Last night I attended the opening night of the EYESeeMe exhibition, curated by Humanitarian Photographer Rebecca Robyns. EYESeeMe is a registered charity set up by Rebecca that works with children and young adults from S.E. Asia many of whom are orphaned, living with HIV, marginalised, living as refugees or just abandoned.
Despite these bleak circumstances, the images in the EYESeeMe exhibition are in many cases hopeful even positive. the exhibition was opened by the Lord Mayor of Hull Cllr. Sean Chaytor to sustained applause and warmly received by a good crowd of supporters.
In the image called ‘Love’ a child looks over a mother’s shoulder, the story below the image is enough to break the sternest of hearts.
Love – By a 17 year old Thai boyI took this picture because it makes me think of a Mothers love. I have not seen my mother in a long time. She used to come to see me, I waited for a long time after that but she did not come.I do not wait anymore. “It is important to be loved…”
A photograph of a corrugated-iron well intrigued me. Closer inspection reveals another heart-rending story that elevates the original image.
The Well – By a Burmese Refugee Boy age 15The well is very important to us. Some people came and gave money for the well to be made. We can drink good water now and this helps us to think and feel fresh.I like to come to the well and look down into it, sometimes I can see my face in it or a shape.The well is also like Refugee people in the camp as we need permission to leave. I would like to be like the stream so we can go freely and not be in the well.I would like to be a great Engineer one day like my father was when he was alive.“It is important to be free and to go outside the camp”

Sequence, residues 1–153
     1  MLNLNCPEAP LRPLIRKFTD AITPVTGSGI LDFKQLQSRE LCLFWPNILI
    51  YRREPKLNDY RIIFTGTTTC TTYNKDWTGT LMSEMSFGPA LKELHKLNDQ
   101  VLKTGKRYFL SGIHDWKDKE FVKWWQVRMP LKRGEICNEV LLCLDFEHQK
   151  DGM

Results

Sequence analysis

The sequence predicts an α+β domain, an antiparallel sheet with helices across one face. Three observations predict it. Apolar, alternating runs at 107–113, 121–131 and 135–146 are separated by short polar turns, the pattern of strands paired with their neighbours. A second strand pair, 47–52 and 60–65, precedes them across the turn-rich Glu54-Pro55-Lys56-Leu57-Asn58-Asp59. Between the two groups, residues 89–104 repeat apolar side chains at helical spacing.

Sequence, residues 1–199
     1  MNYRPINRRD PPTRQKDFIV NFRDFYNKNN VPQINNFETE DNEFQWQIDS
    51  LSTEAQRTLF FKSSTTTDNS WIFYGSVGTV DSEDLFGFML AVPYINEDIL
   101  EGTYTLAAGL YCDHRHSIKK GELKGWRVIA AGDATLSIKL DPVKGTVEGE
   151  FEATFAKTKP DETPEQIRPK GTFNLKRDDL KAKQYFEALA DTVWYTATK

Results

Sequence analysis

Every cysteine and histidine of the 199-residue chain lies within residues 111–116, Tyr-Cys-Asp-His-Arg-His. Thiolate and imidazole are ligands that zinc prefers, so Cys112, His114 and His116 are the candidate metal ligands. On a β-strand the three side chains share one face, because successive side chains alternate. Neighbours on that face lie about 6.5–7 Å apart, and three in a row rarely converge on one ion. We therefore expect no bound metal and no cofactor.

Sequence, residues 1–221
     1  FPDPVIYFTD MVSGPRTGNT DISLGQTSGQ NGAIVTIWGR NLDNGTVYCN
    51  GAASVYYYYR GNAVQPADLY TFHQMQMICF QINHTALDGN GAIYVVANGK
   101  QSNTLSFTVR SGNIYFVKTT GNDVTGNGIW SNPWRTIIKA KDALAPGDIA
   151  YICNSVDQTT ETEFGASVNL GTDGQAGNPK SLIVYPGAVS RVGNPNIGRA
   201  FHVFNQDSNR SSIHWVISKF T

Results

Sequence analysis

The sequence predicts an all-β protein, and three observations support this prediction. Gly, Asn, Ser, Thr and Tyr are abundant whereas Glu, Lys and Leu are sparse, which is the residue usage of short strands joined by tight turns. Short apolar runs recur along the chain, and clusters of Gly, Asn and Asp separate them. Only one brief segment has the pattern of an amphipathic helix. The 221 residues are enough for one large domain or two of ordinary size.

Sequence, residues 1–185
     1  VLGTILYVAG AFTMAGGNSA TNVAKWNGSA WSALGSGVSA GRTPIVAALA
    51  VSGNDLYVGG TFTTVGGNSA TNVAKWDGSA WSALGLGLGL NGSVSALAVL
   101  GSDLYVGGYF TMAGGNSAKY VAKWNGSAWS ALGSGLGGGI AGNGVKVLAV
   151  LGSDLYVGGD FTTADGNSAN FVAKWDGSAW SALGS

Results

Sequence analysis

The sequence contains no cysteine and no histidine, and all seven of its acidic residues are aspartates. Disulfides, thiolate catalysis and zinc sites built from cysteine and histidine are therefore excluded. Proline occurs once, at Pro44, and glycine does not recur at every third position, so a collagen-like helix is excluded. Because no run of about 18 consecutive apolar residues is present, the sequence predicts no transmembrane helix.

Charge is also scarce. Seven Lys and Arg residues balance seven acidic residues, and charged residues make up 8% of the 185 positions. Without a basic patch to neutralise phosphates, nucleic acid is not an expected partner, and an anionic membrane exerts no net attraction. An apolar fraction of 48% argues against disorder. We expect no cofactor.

Considering that the children get shown just the basics of photography, the images that they have created are powerful and in some cases deeply poetic. The accompanying stories written in their own words – then translated into English – allow for a deeper understanding and insight thus engaging the viewer on an emotional level.
My favourite image was an image called ‘In Shadow’ taken by a 16 year old Burmese refugee girl. Shot from behind it shows another girl peering through slats on to a yard, where other children are gathered talking. The tagline immediately resonates with me. “It is important to change an unhappy life and not hold on to our problems”.
Rebecca travels to different communities in Vietnam, Thailand, Cambodia and on the Burmese Border, and through photography, using the ubiquitous little blue cameras, she helps sow the seeds of social change and personal empowerment.
The results of her work can be seen in the many different images in the exhibition. There is much thought behind each image, in terms of composition, subject choices, light, shade, framing. The tagline asking each child to respond to the question “What is important to them, adds yet another layer to the viewer’s experience. I asked Rebecca Robyns, what was the single most important thing achieved, by giving these children a camera to play with. Here’s her response:
The single most important thing is that, regardless of what these children have had to go through in their young lives, when they held the cameras they felt empowered and were able to communicate their very important and special story for the first time to people on the other side of the world. Rebecca Robyns EYESeeMe Project Founding Director
EYESeeMe is a heartwarming, colourful and inspirational exhibition, made all the more remarkable, when you consider the difficulties and dangers, these children and young adults are faced with. By looking at the images we open a window into their world, revealing universal truths about love, identity, friendship: the importance of belonging and the importance of having dreams.
EYESeeMe runs until 30 Sept at WISE Institute High Street, Hull
Follow on twitter: @eyeseemeproject